Quite often individual salt dips were accompanied by a master salt. The individual salts were filled from the master salt, and placed around the table by or between the different seats. Many of the salt dips that are found in today’s collections are pressed or pattern glass (EAPG), depression glass, carnival glass, Vaseline glass, Czech crystal, or some other early form of glass, usually dating from the 1700’s to the early 20th century.
With the advent of the salt mill, a device which contained a grinding mechanism that broke up the salt rocks into fine granules. Salt and pepper mills are still found today in many homes and restaurants. Eventually, when methods were found to mass produce salt as fine crystals, salt mills fell into disuse, and the salt shaker was born.
With the birth of mass produced ceramics during the 1940’s, salt and pepper shaker production hit an all time high, and shakers of all shapes and sizes could easily be found. The market for advertising and novelty shakers grew due to the affordability and availability of shakers.
Today, most homes have at least two or three shaker sets for different uses. Whether everyday use, holidays and special occasions, or even picnics and outdoor barbecues, shakers are usually in abundance in most homes. There are some, however, that just can’t resist the charm that many shakers possess, and they collect shakers by the score. Glass, ceramic, wood, metal, and plastic shakers line shelf after shelf, and the adoring owner can usually tell you a story about each and every one. And no wonder, it is an enjoyable hobby, as well as in many cases a good investment.
If you’re just beginning to get in to the hobby, there are a few things that you may want to consider. Do you want to specialize in a particular style of shaker such as nodders, condiments, hangers, figural, stackers, huggers or minis? Perhaps you are interested in a particular material such as glass, wood, ceramic, plastic, or metal; or maybe a specific maker or era? All are important questions to ask yourself as the more general your collection, the larger it may become, perhaps to your own dismay as they take over your home!
Another thing to consider is condition and storage. When purchasing additions to your collection, pay close attention to detail and possible repairs. If possible, use a black light to check for repairs which will often fluoresce under the black light. (Remember, a small portable handheld black light should be a part of your buyer kit!). When examining salt and pepper shakers look to see if they have their original stoppers or have they been replaced? And while checking stoppers, check to see if the shakers still contain salt or pepper. Although these spices do wonders for many foods (especially those I cook), they can cause some damage to the shakers if stored in the shakers for long periods of time. Never store salt or pepper in your collectible shakers.
Also consider half sets or single shakers. Not only do they often display nicely on their own, but you may want to have a spare to that favorite set or two that reside in your collection in the event of a possible mishap.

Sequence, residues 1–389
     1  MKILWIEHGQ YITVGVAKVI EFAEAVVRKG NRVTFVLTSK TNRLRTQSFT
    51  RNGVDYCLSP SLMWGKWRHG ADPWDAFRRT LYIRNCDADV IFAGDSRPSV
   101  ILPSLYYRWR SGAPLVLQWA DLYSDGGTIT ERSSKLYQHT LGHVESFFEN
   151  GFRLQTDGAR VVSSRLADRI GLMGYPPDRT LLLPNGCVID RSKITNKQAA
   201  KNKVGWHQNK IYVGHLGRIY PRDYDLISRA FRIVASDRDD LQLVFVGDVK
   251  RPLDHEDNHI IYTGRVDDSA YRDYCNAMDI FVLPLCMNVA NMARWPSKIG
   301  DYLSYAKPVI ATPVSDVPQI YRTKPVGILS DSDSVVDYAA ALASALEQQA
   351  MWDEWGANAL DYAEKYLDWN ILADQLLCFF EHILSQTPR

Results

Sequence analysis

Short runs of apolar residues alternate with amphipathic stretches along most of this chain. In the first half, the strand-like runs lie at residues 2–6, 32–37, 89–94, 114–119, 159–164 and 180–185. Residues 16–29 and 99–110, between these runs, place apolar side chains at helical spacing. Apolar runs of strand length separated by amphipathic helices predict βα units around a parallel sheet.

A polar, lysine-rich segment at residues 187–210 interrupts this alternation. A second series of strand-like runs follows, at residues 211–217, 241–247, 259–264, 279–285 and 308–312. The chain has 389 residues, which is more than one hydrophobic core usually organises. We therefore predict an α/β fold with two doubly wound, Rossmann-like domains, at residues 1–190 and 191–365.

As I mentioned above, many folks specialize in a particular style of shaker. Here is a list of some of the more popular styles.
These unique shakers, usually figures of people, will feature double sides that are opposite of each other. For example, on one side, you may find a happily married young couple, but on the reverse side of the same shakers you will see a pair of grumpy old folks.
Nodders are shakers that sit balanced on a base, and will wobble or “nod” when gently touched.
Carriers / Carts:
The base for shakers in these sets is usually a small animal or animal drawn cart. The shakers will hang from the animals saddle or sit in the cart.
Again, huggers do what their name implies. The two shakers in a set stand together in a hug. Some of the most well know of the huggers are made by Van Tellingen.
Hangers are a set of shakers that hag from the third piece in the set, which is the base.
A stacker set of shakers is a set where one of the shakers sits upon its mate.
Minis are just what they sound like, miniature shakers. They usually measure between ½ inch to 2 inches in height.
As you may have guessed, bench sitters are designed to sit on a bench. The bench was sold with the figural shaker set, usually people, and the bench was their base.
A condiment set consists of two shakers on either side of a base which contains a small covered center tray or bowl which is used for mustard, relish, sugar or other condiment.
Long Boys & Tall Boys:
These are shakers, usually animals or people, with unusually long elongated bodies or necks that measure 6 inches or more.
These are only a few of the many types of shaker sets that are collected and available today. Below is a list of related books and web sites to help you in your research of salt and pepper shakers.
Collector's Encyclopedia of Salt and Pepper Shakers: Second Series (Figural and Novelty 2nd Series) by Melva Davern
The Complete Salt and Pepper Shaker Book by Mike Schneider
Some Shakers Found on eBay:
Sterling Bird Form Salt Pepper Shakers MARTIN BROTHERS
Sold As Best Offer for $700.00
Vintage Gas Pump Salt & and Pepper Shakers Hancock Gas
31 Bids, Sold for $560.00
2 Bids, Sold for $495.00
Mckee Depression Glass Salt and Pepper Shaker
10 Bids, Sold for $380.00
Today's Word of Wisdom: "Tomorrow is the most important thing in life. It comes to us at , very clean, perfect when it arrives, and puts itself in our hands and hopes we learned something from yesterday."